(Editor’s note: Listen to Pink Floyd’s album “The Dark Side of the Moon” while you’re reading this, for an extra kick.)
CINEMA KNIFE FIGHT: TRANSFORMERS: DARK OF THE MOON (2011)
By Michael Arruda and (special guest star) Dan Keohane
(The Scene: The interior of an office building. MICHAEL ARRUDA is seated at a table when suddenly the building begins to tilt dramatically, and people and objects begin to slide past MA, who remains calmly seated. One of the people grabs onto the table and manages to take a seat across from MA. It is DAN KEOHANE).
MA: Hey, Dan. Glad you could join me.
DK: No problem. (Brushing himself off) Thanks for giving me such a dramatic entrance.
MA: Well, this is one of the more dramatic scenes from TRANSFORMERS: DARK OF THE MOON, and I thought it would be a cool way to start our review. Besides, I thought you’d get a kick out of sliding down a tilting building.
DK: Well, when you know it’s fake, it’s all in good fun.
MA (looks uneasily at camera, and then over DK’s shoulder as two screaming people slide through a broken window into oblivion.) Yeah, fake. Anyway, ready to start our review?
MA: Welcome folks to another edition of Cinema Knife Fight. Today I’m joined by Dan Keohane, who’s filling in for L.L. Soares today (who’s gone to Norway to get us the lowdown on TROLLHUNTER), and we’ll be reviewing the new Transformers movie, TRANSFORMERS: DARK OF THE MOON (2011).
I’ll say right off the bat that I had zero expectations for this one, other than I expected not to like it, but for the most part, I was entertained and felt like I got my money’s worth.
DK: Well, almost. Linda wanted to see the 3D version so I relented, being the chivalrous chap I am. Until the movie was about to start and she realized we were seeing TRANSFORMERS and not GREEN LANTERN (2011) as she’d thought. But, we already had the glasses and the popcorn, so we stayed. Good thing, too, otherwise this review would have been pretty confusing.
MA: Chivalrous? Sounds like you pulled a fast one. “Sure, honey, let’s go see (covers mouth with his hand) Trans-gree- lan-mers. Yeah, the 3D one.”
DK: I saw the first TRANSFORMERS movie at the drive-in a few years back and was pleasantly surprised, so I figured I would be entertained at the very least with this one (caveat, never saw the second one). If you came for alien robot monsters destroying things and CGI effects on steroids, then yeah, I guess it delivered.
MA: TRANSFORMERS: DARK OF THE MOON, the third film in the TRANSFORMERS movie series by Michael Bay, gets its name from its opening sequences, in which we learn that a Transformers ship crash-landed on the dark side of the moon, and this ship was discovered by the astronauts on the Apollo 11 mission. And the reason we have never gone back to the moon is because of the manipulations of evil Transformers here on earth who don’t want us going back. Until now. And this sets up the rest of the movie’s plot, as we switch to present day.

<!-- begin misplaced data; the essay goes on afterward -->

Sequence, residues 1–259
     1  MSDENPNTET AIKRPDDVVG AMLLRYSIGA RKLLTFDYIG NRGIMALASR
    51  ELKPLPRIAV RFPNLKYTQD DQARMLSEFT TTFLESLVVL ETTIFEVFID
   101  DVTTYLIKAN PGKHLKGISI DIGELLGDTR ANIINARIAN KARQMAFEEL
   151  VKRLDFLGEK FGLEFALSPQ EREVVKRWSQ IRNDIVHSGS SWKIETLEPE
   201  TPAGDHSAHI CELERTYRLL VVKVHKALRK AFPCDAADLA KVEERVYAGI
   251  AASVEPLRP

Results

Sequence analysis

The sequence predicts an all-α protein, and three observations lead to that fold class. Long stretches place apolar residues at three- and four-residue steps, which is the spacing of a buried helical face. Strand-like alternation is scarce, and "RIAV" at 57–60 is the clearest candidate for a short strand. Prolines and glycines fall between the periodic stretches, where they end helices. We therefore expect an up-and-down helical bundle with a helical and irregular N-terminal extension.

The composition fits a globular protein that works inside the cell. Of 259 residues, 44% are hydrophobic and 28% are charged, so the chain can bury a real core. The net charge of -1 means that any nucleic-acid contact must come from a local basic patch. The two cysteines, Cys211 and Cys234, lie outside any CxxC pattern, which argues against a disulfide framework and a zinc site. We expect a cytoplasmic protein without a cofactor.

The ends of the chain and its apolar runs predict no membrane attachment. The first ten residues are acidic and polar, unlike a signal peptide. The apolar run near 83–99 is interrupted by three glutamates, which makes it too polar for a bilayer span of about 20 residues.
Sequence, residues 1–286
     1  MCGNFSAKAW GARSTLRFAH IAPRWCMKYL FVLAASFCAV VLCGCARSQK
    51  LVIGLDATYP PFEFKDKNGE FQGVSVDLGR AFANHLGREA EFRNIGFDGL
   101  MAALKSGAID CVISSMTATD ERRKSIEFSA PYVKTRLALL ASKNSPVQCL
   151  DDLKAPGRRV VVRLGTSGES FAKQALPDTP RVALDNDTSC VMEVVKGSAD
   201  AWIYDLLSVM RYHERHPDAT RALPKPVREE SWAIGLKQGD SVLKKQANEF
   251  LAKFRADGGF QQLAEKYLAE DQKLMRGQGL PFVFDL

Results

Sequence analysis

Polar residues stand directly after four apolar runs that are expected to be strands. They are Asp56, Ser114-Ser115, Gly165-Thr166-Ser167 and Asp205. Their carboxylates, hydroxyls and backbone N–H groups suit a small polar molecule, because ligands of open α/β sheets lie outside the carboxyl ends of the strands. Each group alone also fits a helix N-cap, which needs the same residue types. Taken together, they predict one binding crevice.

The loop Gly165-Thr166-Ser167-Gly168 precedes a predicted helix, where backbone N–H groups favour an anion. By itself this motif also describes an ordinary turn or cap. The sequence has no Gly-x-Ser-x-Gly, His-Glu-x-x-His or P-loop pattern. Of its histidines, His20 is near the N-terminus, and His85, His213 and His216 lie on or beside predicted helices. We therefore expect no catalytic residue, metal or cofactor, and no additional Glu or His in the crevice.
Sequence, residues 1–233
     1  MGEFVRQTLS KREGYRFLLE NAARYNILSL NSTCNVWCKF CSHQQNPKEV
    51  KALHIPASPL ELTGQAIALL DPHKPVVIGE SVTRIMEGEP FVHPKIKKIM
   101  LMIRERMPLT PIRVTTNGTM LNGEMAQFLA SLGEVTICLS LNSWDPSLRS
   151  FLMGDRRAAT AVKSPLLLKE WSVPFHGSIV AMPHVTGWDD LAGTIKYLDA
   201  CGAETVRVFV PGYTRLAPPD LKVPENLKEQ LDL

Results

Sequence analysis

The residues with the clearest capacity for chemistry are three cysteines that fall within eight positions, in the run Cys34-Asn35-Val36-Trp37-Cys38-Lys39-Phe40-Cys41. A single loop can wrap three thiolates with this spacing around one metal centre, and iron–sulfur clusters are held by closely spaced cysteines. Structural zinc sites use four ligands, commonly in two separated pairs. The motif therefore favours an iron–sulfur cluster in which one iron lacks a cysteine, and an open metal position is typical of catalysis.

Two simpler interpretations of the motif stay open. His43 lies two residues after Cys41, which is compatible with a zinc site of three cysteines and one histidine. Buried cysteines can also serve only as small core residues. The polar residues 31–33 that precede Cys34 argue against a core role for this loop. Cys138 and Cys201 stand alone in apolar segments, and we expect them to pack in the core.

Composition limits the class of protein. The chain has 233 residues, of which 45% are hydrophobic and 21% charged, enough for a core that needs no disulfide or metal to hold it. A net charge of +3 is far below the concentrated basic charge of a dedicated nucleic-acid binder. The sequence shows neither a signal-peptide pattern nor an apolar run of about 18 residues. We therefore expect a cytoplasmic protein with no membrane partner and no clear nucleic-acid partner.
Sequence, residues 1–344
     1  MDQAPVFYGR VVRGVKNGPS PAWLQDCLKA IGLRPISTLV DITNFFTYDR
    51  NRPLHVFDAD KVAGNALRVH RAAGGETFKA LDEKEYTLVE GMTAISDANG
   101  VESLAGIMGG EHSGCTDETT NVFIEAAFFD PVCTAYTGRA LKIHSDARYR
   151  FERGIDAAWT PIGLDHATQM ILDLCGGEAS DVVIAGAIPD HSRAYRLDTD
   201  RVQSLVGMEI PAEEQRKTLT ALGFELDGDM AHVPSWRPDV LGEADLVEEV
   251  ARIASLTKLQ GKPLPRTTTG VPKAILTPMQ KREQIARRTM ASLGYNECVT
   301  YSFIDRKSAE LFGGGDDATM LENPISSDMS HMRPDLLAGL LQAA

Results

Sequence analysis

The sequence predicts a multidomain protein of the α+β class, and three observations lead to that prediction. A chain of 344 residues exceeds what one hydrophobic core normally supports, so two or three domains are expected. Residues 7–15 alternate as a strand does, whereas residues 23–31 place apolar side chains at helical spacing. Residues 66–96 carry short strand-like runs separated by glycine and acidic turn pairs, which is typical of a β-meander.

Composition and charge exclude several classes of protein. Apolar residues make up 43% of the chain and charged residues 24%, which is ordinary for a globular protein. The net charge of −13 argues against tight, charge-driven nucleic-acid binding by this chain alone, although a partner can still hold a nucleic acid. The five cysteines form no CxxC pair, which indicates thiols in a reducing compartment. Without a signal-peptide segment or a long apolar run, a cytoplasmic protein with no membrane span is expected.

DK: I have to reluctantly toss in here that it was pretty entertaining how they messed with history like this, mixing footage from the original NASA moon landing with pretend stuff. They even had astronaut Buzz Aldrin in a cameo explaining the cover up. That was cute. Anyway, carry on….
MA: Yeah, the opening grabbed my interest, too. I liked the whole “dark side of the moon” bit, the whole NASA conspiracy, the “real” reason we got involved in the space race. I thought this was fun, and a strong way to open the movie. I also liked the way they did the historical footage, the mixture of actual JFK footage, for example, mixed in with new footage with an actor playing JFK. These opening scenes worked.
DK: Though they could have gotten better actors, or better makeup for the ones playing the presidents.
MA: Once we switch to present day, we meet up with Sam Witwicky (Shia LaBeouf) the young hero from the previous TRANSFORMERS movies. Sam is living with a new gorgeous babe Carly (Rosie Huntington-Whiteley) as he’s broken up with babe Megan Fox from the previous TRANSFORMERS movies. Gee, this guy has it rough! Sam is out of a job, and he’s depressed and frustrated about this, and during his job search he gets to utter one of the better lines of the movie, “I’ve saved the world twice, and I still can’t find a job!”
DK: Yeah, he had some cool lines. Hell, this movie was littered with clever lines. By the humans. The robots were annoying, but I jump ahead.